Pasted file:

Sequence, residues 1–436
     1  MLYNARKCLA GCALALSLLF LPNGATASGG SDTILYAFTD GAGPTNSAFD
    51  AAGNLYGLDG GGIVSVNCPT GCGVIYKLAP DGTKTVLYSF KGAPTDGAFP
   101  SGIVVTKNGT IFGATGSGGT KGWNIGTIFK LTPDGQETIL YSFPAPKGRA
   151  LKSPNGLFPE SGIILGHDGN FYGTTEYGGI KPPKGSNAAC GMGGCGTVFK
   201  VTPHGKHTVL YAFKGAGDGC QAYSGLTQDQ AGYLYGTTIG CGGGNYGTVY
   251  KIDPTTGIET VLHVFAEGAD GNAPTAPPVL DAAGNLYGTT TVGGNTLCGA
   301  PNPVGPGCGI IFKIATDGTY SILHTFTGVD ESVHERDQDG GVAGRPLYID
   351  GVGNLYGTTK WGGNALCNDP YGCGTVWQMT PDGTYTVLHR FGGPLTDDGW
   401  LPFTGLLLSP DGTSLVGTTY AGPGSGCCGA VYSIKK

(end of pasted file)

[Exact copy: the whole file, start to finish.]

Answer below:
Sequence, residues 1–436
     1  MLYNARKCLA GCALALSLLF LPNGATASGG SDTILYAFTD GAGPTNSAFD
    51  AAGNLYGLDG GGIVSVNCPT GCGVIYKLAP DGTKTVLYSF KGAPTDGAFP
   101  SGIVVTKNGT IFGATGSGGT KGWNIGTIFK LTPDGQETIL YSFPAPKGRA
   151  LKSPNGLFPE SGIILGHDGN FYGTTEYGGI KPPKGSNAAC GMGGCGTVFK
   201  VTPHGKHTVL YAFKGAGDGC QAYSGLTQDQ AGYLYGTTIG CGGGNYGTVY
   251  KIDPTTGIET VLHVFAEGAD GNAPTAPPVL DAAGNLYGTT TVGGNTLCGA
   301  PNPVGPGCGI IFKIATDGTY SILHTFTGVD ESVHERDQDG GVAGRPLYID
   351  GVGNLYGTTK WGGNALCNDP YGCGTVWQMT PDGTYTVLHR FGGPLTDDGW
   401  LPFTGLLLSP DGTSLVGTTY AGPGSGCCGA VYSIKK